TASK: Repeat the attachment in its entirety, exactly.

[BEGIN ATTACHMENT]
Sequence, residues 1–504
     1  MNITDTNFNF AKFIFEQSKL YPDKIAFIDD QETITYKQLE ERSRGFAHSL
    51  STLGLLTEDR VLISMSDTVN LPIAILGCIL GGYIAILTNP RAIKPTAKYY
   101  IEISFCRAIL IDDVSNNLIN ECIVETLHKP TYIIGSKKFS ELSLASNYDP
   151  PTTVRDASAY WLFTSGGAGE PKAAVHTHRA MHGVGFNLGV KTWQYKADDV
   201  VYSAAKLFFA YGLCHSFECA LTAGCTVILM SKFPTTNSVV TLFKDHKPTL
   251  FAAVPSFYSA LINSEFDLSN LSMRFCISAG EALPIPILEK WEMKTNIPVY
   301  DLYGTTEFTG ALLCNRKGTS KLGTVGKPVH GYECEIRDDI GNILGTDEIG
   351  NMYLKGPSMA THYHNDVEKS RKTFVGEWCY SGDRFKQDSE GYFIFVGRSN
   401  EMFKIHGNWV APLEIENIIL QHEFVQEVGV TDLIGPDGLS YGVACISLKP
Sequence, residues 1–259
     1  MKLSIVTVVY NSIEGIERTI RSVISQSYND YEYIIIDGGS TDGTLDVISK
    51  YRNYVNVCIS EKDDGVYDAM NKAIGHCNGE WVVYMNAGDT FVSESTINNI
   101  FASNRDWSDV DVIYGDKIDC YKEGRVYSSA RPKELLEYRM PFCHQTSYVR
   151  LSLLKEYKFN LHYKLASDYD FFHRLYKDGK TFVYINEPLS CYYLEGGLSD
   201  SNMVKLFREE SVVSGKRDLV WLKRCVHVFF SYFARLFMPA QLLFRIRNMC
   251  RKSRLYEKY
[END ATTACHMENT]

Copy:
Sequence, residues 1–504
     1  MNITDTNFNF AKFIFEQSKL YPDKIAFIDD QETITYKQLE ERSRGFAHSL
    51  STLGLLTEDR VLISMSDTVN LPIAILGCIL GGYIAILTNP RAIKPTAKYY
   101  IEISFCRAIL IDDVSNNLIN ECIVETLHKP TYIIGSKKFS ELSLASNYDP
   151  PTTVRDASAY WLFTSGGAGE PKAAVHTHRA MHGVGFNLGV KTWQYKADDV
   201  VYSAAKLFFA YGLCHSFECA LTAGCTVILM SKFPTTNSVV TLFKDHKPTL
   251  FAAVPSFYSA LINSEFDLSN LSMRFCISAG EALPIPILEK WEMKTNIPVY
   301  DLYGTTEFTG ALLCNRKGTS KLGTVGKPVH GYECEIRDDI GNILGTDEIG
   351  NMYLKGPSMA THYHNDVEKS RKTFVGEWCY SGDRFKQDSE GYFIFVGRSN
   401  EMFKIHGNWV APLEIENIIL QHEFVQEVGV TDLIGPDGLS YGVACISLKP
Sequence, residues 1–259
     1  MKLSIVTVVY NSIEGIERTI RSVISQSYND YEYIIIDGGS TDGTLDVISK
    51  YRNYVNVCIS EKDDGVYDAM NKAIGHCNGE WVVYMNAGDT FVSESTINNI
   101  FASNRDWSDV DVIYGDKIDC YKEGRVYSSA RPKELLEYRM PFCHQTSYVR
   151  LSLLKEYKFN LHYKLASDYD FFHRLYKDGK TFVYINEPLS CYYLEGGLSD
   201  SNMVKLFREE SVVSGKRDLV WLKRCVHVFF SYFARLFMPA QLLFRIRNMC
   251  RKSRLYEKY